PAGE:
The Navy announces that it is moving forward with development of the Littoral Combat Ship’s Surface Warfare (SUW) Mission Package, which it describes as “designed to combat small, fast boat terrorist threats to the fleet.” The Naval Surface Warfare Center Dahlgren division is the technical direction agent for the SUW mission package, with NSWC Port Hueneme division providing integrated logistics and testing support. US NAVSEA’s release lists the components as:
“…electro-optical/infrared sensors mounted on a vertical take off unmanned air vehicle [the MQ-8B Fire Scout] to provide over-the-horizon detection; 30mm guns to kill close-in targets; four  non-line-of-sight launching system [NLOS-LS/ “NetFires”]… container launch units, with each system containing 15 offensive missiles; and the MH-60R armed helicopter for surveillance and attack missions. The SUW mission package has software that interfaces with the LCS command and control system to maintain and share situational awareness and tactical control in a coordinated SUW environment… The first two  SUW mission packages assembled for developmental and operational testing use the Mark 46 30mm gun made by General Dynamics Amphibious Systems.”
The $400-500 million question is, will this be enough?…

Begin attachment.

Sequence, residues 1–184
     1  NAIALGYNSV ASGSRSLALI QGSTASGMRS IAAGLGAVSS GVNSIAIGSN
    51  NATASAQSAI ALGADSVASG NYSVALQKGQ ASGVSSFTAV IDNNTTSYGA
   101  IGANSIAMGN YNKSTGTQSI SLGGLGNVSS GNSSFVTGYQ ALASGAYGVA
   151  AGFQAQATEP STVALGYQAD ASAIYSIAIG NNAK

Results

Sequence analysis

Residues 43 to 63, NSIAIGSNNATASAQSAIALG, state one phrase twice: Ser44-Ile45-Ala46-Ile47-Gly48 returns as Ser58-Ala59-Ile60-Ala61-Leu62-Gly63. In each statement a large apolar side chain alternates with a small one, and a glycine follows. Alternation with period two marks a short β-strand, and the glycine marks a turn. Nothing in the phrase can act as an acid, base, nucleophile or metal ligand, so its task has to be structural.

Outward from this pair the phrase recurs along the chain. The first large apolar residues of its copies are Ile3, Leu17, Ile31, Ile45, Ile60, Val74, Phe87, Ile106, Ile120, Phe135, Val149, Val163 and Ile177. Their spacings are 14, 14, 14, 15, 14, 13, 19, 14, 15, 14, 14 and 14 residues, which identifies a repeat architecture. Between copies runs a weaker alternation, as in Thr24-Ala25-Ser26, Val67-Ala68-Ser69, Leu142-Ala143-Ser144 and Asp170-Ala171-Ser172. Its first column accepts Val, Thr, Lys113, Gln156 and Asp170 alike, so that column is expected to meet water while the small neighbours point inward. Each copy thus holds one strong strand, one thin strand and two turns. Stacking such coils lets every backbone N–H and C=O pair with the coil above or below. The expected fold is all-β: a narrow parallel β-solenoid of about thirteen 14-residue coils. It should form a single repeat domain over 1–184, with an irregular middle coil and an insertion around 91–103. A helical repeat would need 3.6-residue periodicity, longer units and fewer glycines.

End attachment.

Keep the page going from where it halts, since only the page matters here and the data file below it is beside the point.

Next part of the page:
BAE Systems Land and Armaments Inc. in York, PA received the full delivery order amount of $10.6 million as part of a firm-fixed-price contract for M113 Family of Vehicles Add-on Armor and Foreign Military Sales Payback. M113 tracked armored personnel carriers and command post variants have been used in Iraq by US forces, converted into an award-winning EM113A2 variant for riot control, deployed to Afghanistan and Iraq by NATO countries, and given to the Afghan Army.
Work will be performed in York, PA and is expected to be complete by May 1, 2008. This was a sole source contract initiated on May 8, 2007 by the U.S. Army Tank-Automotive and Armaments Command in Warren, MI (W56HZV-05-G-0005).
It’s all about da water, don’t you know
Kinja needs da water, da H2O
It’s all about da water, it ain’t no lie
Widout de water we shrivel up and die
– Keys poet Jimmy Buffett
“$240M for 50-Year Water Infrastructure Contracts at 2 US Bases” noted the move toward long-term service contracts for water infrastructure in and around US military facilities. That trend continues. The Florida Keys Aqueduct Authority (FKAA) in Key West, FL received an estimated $45.2 million utilities privatization contract for the operation and maintenance of the water distribution systems of Naval activities in the Key West, Florida area. FKAA is a quasi-state organization categorized as “other than small business,” and a provider of water utilities in the unincorporated areas of Key West. The water distribution system will be conveyed to FKAA through a quit claim deed (10 U.S.C. 2688 authorizes privatized Government utility systems if certain criteria are met). The contractual instrument is a fixed-price contract with a term of 50 years, and prospective price redetermination during that period.
Work includes initial system modifications required to bring the systems up to industry standards, operation, maintenance and repair of the systems, as well as renewal and replacement of the system’s components over the term of the contract. Funding for this contract will be provided through annual O&M budgets of the activities. This contract was competitively procured via the NAVFAC e-solicitation website, with 3 proposals received by the Naval Facilities Engineering Command Southeast in Jacksonville, FL (N69450-07-C-0103).